Notes from Radical Candor
They determine whether you can fulfill your three responsibilities as a manager:
- to create a culture of guidance (praise and criticism)
- to understand what motivates each person on your team well enough to avoid burnout or boredom and keep the team cohesive; and
- to drive results collaboratively.
He sought to “create an environment that values and emphasizes output” and to avoid what Drucker termed the “Activity trap”: “[S]tressing output is the key to increasing productivity, while looking to increase activity can result in just the opposite.” On an assembly line, it’s easy enough to distinguish output from activity. It gets trickier when employees are paid to think. Grove wrested with two riddles: How can we define and measure output by knowledge workers And what can be done to increase it?
Over the course of our careers, most of us go through waves. Sometimes we are in learning mode or transition mode. Sometimes our priorities change: a spouse takes a new job and we need to be home more, or we want to devote time to a passion outside work. It is important for the team member and the boss to be clear about what is driving the degree of trajectory at each juncture, so that both the team member and the company can benefit.
Aristotle was so troubled that so much rhetoric and persuasion came down to manipulating people’s emotions. He thought that there had to be a better way to get an idea across to a large number of people who don’t have the time or knowledge to understand it completely. He resolved this by explaining that to be legitimately persuasive a speaker must address the audience’s emotions but also establish the credibility and share the logic of the argument. These are the elements of persuasion that have stood the test of time.
To help, I adopted a go-to question that Fred Cofman, author of Conscious Business and my coach at Google, suggested. “Is there anything I could do or stop doing that would make it easier to work with me?”
- Conversation 1: life story
- Conversation 2: dreams
- Conversation 3: 18-month plan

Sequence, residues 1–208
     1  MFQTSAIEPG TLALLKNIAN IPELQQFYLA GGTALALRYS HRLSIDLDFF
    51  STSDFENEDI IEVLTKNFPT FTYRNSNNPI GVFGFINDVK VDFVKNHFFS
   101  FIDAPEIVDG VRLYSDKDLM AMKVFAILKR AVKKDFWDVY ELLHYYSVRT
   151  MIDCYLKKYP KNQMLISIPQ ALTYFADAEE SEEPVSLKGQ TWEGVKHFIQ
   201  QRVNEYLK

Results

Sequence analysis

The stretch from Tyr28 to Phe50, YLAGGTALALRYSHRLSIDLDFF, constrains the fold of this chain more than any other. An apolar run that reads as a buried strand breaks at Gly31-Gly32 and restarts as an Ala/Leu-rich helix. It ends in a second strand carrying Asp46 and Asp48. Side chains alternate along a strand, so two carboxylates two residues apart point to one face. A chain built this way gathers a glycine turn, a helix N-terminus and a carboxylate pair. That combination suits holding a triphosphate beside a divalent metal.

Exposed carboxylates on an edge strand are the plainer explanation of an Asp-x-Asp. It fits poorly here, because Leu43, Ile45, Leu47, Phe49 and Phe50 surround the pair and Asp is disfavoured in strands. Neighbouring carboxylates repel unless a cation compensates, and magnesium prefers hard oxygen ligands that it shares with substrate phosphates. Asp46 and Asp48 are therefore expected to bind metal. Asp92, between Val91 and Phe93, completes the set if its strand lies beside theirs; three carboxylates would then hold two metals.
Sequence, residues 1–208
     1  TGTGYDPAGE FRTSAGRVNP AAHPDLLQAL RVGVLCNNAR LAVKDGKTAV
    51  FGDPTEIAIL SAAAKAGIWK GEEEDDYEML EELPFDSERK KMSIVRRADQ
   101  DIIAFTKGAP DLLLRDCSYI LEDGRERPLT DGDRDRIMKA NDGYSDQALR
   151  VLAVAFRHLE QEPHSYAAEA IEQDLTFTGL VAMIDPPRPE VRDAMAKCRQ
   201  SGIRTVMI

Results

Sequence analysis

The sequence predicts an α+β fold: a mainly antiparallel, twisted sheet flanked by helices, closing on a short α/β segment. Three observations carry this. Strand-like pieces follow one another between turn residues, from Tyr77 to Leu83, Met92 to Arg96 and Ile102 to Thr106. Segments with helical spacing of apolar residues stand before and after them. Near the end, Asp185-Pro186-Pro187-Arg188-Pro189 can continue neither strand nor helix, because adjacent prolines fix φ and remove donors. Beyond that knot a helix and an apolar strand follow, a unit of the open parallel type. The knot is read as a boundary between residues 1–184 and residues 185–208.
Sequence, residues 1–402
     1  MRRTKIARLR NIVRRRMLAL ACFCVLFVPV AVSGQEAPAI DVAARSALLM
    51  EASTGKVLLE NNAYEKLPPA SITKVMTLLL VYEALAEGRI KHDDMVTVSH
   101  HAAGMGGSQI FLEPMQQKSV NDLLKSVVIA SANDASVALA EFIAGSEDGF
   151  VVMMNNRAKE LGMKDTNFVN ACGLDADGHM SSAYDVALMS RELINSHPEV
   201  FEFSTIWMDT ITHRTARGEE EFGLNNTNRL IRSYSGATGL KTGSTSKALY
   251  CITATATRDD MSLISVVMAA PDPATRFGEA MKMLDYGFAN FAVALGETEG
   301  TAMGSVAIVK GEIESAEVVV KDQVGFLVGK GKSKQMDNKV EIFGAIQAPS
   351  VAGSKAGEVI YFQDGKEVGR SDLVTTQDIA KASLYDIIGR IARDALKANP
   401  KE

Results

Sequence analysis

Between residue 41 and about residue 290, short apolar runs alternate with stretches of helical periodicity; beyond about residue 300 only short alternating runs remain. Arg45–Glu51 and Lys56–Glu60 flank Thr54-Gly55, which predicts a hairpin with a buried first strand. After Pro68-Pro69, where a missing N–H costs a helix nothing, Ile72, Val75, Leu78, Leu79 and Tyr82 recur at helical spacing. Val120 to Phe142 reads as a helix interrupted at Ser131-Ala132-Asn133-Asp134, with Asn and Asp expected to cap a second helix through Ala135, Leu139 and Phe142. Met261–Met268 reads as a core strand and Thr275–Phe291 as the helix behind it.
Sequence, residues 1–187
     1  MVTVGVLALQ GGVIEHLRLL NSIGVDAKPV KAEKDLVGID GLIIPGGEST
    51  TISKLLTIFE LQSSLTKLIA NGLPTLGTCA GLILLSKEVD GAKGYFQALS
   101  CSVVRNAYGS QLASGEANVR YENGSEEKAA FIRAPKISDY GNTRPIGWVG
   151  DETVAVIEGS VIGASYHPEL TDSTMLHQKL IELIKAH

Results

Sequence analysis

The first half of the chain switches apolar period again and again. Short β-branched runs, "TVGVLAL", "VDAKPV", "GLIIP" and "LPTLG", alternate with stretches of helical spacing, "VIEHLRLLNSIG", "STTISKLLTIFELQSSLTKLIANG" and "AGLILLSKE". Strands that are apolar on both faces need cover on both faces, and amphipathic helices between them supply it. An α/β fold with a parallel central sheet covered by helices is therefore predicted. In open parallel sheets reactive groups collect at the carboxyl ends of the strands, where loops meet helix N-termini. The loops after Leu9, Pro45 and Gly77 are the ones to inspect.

Thoreau said it best in Walden:
If one advances confidently in the direction of his dreams, and endeavors to live the life which he has imagined, he will meet with a success unexpected in common hours. He will put some things behind, will pass an invisible boundary … If you have built castles in the air, your work need not be lost; that is where they should be. Now put the foundations under them.”
- Poor performance, strong signs of improvement
- Poor performance, no signs of improvement
- Good performance
Dov has found a way to quantify seemingly abstract values like trust. His “trust index” measures a specific behaviors - the direct “hows” of transparency, for example. “I avoid asking people about their perceptions,” Dov told me. “I don’t ask, ‘Do you feel your company is honest with you?’ I look at information flows. Does the company hoard information, does it mete it out on a need-to-know basis, or is it flowing freely? If you go around your boss and talk to somebody more senior, are you punished or celebrated?”
To prepare for this conversation, the manager should consider the following questions:
- What behaviors or values to I want my report to continue to exhibit?
- What behaviors or values do I want the report to start or stop exhibiting?
- What coaching can I provide to help the report fully realize his or her potential?
During the conversation, the leader might ask:
- What part of your job excites you most?
- What (if any) aspect of your role would you like to change?
To elicit candid input from a contributor, a manager might ask:
- What are you getting from me that you find helpful?
- What are you getting from me that impedes your ability to be effective?
- What could I do for you that would help you be more successful?